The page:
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  • Rohit Musale, CFA

How to Become a Smart Investor

Before I answer that question, let us first try to understand, why you should be investing in the first place.


Everybody wants to become an investor.


But most people don't even know, why they are investing in the first place.


If I ask this question to any random person, the most common answer I get is, "I want to invest because I want to make money."


There is nothing wrong with that response.


However, if you want to achieve financial freedom in your life, you must have a very specific reason as to why you are investing.


What is financial freedom?


Financial freedom is when your total monthly passive income either equals or exceeds your total monthly expense.


If you look at all of the content that I create, it is all designed to take you from point A to point B.


Point A is your current financial situation.


Point B is your goal of financial freedom.


If you want to go from point A to point B, you need a vehicle.


What is that vehicle?


That vehicle is called 'investments'.


You have to become a smart investor to go from point A to point B.


Just putting your money in a bank account or a fixed deposit or mutual funds or stocks, is not going to get you to financial freedom.


Anybody can do that.


Who is a smart investor?


A smart investor is an investor who understands that there are only two reasons to invest.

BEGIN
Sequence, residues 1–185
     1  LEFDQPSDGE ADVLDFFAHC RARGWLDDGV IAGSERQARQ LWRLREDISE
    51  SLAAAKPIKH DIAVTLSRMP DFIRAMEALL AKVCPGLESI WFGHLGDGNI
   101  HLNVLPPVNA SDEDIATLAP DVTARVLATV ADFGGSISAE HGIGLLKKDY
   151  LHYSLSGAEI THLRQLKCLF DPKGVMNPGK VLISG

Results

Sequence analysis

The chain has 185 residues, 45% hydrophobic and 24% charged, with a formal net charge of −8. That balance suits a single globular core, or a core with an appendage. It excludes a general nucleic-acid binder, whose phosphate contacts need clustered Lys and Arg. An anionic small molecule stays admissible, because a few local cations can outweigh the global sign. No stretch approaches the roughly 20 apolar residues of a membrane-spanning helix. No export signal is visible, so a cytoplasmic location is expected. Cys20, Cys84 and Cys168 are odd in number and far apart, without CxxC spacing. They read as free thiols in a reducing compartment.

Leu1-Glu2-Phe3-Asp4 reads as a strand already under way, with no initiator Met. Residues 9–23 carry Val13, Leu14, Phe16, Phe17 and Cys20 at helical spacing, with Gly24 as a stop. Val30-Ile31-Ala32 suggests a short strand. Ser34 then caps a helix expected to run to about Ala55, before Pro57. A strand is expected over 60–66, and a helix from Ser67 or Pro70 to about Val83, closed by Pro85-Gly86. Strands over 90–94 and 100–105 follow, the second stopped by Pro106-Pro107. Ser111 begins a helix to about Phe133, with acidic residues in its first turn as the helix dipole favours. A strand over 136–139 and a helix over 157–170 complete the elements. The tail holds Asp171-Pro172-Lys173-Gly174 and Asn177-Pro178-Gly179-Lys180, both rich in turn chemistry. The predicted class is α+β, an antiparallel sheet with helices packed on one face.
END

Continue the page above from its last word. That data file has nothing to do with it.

One reason is cashflow.


And the other reason is capital gains.


The smart investor also understands that, when he/she is investing his/her money, his/her first priority is cashflow.


His second priority is capital gains.


If you buy a gold coin, and then after a few months, you sell that gold coin for a profit, that is called as capital gains.


It is not cashflow.


However, if you invest in real estate, or you buy an operating business, and that investment gives you cashflow every single month, while you maintain ownership of that asset, then that is called as cashflow investing.


A smart investor understands the difference between investing for cashflow and investing for capital gains.


I, for example, invest only for cashflow.


I am not even thinking about capital gains.


The only reason why I might invest in things that can give me capital gains, for example, gold and silver is that, in the future, I would like to sell these non-productive assets, raise some cash, so that I can take that cash and invest it in a cash-flowing asset.


Remember, the definition of financial freedom is that your total monthly passive income should either equal or exceed your total monthly expense.


You can only reach point B, if you have passive income.


If you keep buying non-cash-producing assets like gold and silver, you will not have the cashflow.


If you don't have the cashflow, you don't have the passive income to reach your point B.


That's why I say, the only reason why I might invest in a non-cash-producing asset is that, I may want to take the capital gains from that asset in the future and put it in a cash-flowing asset, so that I have enough passive income, that can take care of my monthly expenses, thereby helping me achieve financial freedom in my life.


This is how a smart investor thinks about money, cashflow, and investments.


Another extremely important point that I want you to understand is that, when you invest your money, you are not supposed to invest your money as an individual.


You are supposed to invest your money through a business.